Since the early seventies, Rick Blue has been fortunate enough to make a living playing music no matter how meager it was at times. Says Rick. “It seems I was destined to become what you hear now …’

Meanwhile – from the same side of the pond …

George Bowser was born in Sussex, England and educated at Tonbridge School, Kent.  His Mom was a good pianist and there was always a piano in the house, with sheet music open on it.  George would sit down and play – untutored, from an early age. This encouraged his parents to arrange for lessons. The idea of lessons put an end to George’s interest in piano.

“We attended church services on Sundays, and my father sang with great enthusiasm”. States George. “I learned not to be shy about singing. Since my Dad sang the bass parts, I was always attracted to the bass. Dad also liked musical comedy and I listened to his LP collection repeatedly.”

George borrowed guitars and made some out of boxes and string. At fourteen, his Father bought a guitar for him but George really wanted to play bass. A year later he bought his first bass guitar – a Hofner. Paul McCartney, Bill Wyman – whatever song was playing, George listened for the bass. He could not afford an amplifier so he would borrow one and press the bottom of the bass against a cupboard so that he could hear it.

It was a Tonbridge where George joined the choir – a boy soprano and later as a bass player. He played trombone in the cadet corps marching band and joined the theatre society.

George Bowser

Bill Bruford (King Crimson) had the study room next to mine, but we only played music together once.” Says George. “He didn’t think much of my taste in music, insisting that I should listen to the blues, rather than the Top Twenty. Bill played his favorite songs very loud, so I and the other boys were obliged to listen to it too.”

 George left school and joined up with Christopher Tookey and Mark Henshall to form a pop group. They required a guitar player and preferably someone who could sing high. An ad was placed in Melody Maker and one of the respondents was Roger Hodgson (Supertramp).

‘Roger impressed us by playing the intro to Pinball Wizard correctly on the guitar and his vocal range was astonishing”. George recalls. “He had written some very good original songs. He was clearly a gifted musician, singer and songwriter. Chris, Roger and I had a good vocal blend and we made a demo recording at RG Jones studios. Decca Records offered us a recording contract and Island Records were also interested but only in Roger. I was due to go to University in September, so the group disbanded and Roger signed with Island records.”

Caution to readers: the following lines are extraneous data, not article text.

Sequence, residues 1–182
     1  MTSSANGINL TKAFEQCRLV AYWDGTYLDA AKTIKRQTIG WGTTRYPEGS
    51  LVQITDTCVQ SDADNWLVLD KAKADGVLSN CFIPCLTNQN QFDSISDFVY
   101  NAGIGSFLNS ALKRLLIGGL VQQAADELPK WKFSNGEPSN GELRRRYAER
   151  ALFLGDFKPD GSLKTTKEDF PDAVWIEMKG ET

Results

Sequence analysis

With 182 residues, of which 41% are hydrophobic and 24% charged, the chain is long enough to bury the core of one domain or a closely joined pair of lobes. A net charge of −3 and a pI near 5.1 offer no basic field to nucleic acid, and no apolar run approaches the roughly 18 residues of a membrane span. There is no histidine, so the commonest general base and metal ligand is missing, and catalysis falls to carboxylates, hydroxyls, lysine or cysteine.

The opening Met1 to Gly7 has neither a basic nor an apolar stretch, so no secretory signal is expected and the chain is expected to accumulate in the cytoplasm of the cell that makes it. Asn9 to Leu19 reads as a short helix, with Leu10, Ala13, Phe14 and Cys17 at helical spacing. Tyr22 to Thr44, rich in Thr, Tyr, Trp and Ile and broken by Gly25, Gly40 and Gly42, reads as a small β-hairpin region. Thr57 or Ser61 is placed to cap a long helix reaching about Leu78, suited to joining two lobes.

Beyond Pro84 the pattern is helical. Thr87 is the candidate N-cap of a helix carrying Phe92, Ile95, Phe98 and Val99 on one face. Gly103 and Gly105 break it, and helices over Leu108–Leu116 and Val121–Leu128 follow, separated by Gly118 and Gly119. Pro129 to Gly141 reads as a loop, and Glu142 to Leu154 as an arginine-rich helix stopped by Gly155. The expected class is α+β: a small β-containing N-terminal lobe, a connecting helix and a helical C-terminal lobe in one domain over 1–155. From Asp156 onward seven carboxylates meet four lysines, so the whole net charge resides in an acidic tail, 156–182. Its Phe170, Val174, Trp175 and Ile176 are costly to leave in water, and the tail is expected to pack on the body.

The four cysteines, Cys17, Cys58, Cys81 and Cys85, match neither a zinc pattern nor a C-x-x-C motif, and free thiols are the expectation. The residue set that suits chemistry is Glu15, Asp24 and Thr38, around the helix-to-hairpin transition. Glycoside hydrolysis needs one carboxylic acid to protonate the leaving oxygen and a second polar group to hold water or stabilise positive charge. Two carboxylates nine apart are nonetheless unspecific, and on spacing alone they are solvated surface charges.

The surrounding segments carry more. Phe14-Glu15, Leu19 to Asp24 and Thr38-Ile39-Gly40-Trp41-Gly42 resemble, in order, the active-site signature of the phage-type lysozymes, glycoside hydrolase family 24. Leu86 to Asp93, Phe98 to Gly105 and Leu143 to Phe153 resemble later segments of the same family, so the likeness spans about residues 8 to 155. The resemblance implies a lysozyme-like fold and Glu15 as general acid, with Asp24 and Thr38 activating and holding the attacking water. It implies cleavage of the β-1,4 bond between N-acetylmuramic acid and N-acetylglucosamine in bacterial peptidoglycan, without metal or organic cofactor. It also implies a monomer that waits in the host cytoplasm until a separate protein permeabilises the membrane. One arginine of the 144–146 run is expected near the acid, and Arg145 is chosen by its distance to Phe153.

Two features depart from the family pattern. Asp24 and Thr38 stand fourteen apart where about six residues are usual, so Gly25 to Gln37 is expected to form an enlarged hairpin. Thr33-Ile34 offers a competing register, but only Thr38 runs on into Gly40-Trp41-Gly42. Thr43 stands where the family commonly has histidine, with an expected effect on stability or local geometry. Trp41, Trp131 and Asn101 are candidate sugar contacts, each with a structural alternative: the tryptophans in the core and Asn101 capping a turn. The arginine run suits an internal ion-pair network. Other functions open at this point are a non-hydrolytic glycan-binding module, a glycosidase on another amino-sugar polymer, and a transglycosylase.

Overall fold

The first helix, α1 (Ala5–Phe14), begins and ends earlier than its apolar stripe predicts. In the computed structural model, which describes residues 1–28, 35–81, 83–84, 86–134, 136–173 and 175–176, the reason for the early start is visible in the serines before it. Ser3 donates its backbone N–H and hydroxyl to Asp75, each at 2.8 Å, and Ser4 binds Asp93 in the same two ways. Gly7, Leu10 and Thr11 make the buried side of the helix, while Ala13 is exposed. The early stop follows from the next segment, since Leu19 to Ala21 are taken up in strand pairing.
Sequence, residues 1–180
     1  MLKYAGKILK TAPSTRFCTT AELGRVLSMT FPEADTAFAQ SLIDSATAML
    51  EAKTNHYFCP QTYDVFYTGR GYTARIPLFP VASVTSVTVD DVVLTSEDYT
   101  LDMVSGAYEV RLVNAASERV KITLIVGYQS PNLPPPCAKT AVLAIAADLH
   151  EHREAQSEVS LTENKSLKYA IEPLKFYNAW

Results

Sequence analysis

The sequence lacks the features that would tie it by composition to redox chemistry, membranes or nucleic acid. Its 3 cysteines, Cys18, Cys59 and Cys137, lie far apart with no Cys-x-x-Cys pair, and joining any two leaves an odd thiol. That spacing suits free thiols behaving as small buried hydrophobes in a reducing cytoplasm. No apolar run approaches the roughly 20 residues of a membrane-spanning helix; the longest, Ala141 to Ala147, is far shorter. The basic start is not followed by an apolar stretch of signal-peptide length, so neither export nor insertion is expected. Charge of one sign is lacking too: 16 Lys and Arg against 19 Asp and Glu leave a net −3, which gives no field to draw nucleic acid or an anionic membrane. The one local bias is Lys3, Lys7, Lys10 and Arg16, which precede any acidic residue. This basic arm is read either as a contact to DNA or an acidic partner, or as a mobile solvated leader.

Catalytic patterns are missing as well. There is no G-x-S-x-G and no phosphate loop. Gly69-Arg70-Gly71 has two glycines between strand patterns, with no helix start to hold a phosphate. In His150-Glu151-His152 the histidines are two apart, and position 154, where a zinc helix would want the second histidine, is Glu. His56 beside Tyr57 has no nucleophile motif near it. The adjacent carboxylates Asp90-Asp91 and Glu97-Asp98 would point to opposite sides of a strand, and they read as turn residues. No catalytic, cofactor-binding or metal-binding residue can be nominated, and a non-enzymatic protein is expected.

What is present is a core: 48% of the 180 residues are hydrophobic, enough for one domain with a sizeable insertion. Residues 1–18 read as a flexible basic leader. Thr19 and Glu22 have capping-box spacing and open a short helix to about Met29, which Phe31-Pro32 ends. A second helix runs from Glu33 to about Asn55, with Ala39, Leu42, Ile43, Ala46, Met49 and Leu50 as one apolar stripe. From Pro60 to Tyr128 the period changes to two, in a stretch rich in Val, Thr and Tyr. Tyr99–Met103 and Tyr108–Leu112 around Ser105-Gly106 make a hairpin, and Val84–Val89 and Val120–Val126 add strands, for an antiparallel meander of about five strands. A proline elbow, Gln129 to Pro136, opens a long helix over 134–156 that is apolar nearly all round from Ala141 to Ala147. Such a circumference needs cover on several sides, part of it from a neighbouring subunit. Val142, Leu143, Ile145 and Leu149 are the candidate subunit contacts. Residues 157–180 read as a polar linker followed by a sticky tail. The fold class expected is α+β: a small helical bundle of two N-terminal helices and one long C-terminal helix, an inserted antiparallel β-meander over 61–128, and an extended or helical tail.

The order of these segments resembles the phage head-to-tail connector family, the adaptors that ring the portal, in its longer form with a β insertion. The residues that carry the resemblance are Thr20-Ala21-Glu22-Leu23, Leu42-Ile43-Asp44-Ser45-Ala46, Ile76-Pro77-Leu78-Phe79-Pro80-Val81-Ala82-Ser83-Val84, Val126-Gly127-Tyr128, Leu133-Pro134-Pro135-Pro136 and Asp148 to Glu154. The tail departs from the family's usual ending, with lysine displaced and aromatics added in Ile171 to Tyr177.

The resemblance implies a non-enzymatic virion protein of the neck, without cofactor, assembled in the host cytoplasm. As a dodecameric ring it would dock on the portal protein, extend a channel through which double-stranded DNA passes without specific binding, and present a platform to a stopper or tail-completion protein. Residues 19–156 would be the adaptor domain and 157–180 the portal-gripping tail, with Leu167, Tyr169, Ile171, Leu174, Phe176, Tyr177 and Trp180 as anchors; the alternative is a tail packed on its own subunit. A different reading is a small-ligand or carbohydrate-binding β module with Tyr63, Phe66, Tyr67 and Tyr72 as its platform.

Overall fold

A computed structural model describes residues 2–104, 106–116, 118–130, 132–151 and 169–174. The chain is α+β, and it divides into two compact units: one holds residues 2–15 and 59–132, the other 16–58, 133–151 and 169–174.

George arrived in Canada in 1970. That began a musical career playing with names that would become familiar to music fans. One of those names was Mike Driscoll (who later would play drums for The Rolling Stones’ guitarist Mick Taylor). Driscoll, Harry Marks and George formed a trio called Wizard and recorded one single Come Away. The song was later re-recorded by April WIne on the Forever For Now LP.

“Wizard was managed by Ben Kaye, who later became Celine Dion’s publisher”. Says George. , “When our record company (MCA Canada) didn’t want to do an LP with us, we assumed a personnel change was in order. At Mike Driscoll’s insistence, we hired Walter Rossi who is not known for his vocal chops. He is a guitarist, so I was kicked out.”

George then joined The Vegetable Band (Gary Moffet of April Wine fame was a member), the Saint Marc Street Band and Don Graham’s Graham County which eventually got a recording contract with Aquarius Records and released two singles. Nothing came of it and George returned to the UK.

“I was met by my cousin Alex Cooper, who had a band called Waves featuring guitarist Kimberly Rew. When I arrived, Kimberley had just re-joined The Soft Boys so I stepped in. We made some recordings and played a few shows. Prior to leaving Canada I had recorded a demo with Kimball Lee. The demo attracted the attention of somebody from CBS Canada and Kimball asked if I would come back and put a band together to audition for a contract. Foolishly, I did. I abandoned the UK for a second time leaving Alex to re-constitute the Waves with a singer named Katrina. Walking on Sunshine was huge and Katrina and The Waves took off.  (Bowser and Blue became their opening act when they toured the United States and Canada).”

George Bowser at one point in his life, received a visit from a guy named Ricky Blue while in England. Rick stayed in George’s flat and the duo drank a lot of beer and played songs together. Their voices blended well and Rick’s rhythm was strong. The pair seemed to have a natural sound and similar –complementary musical tastes.

Upon returning to Canada – George called Rick, who agreed to join George at the Lancer Pub. The rest, as they say, is history. Bowser and Blue continue to bring smiles to faces everywhere (even if you are wearing a mask).

Bowser and Blue will be performing March 18th at Mayfair Tavern in Pte Claire. Tickets  25.00 available on Eventbrite and Mayfair Tavern – 24 Valois Bay Pte Claire. Info 438 820 6936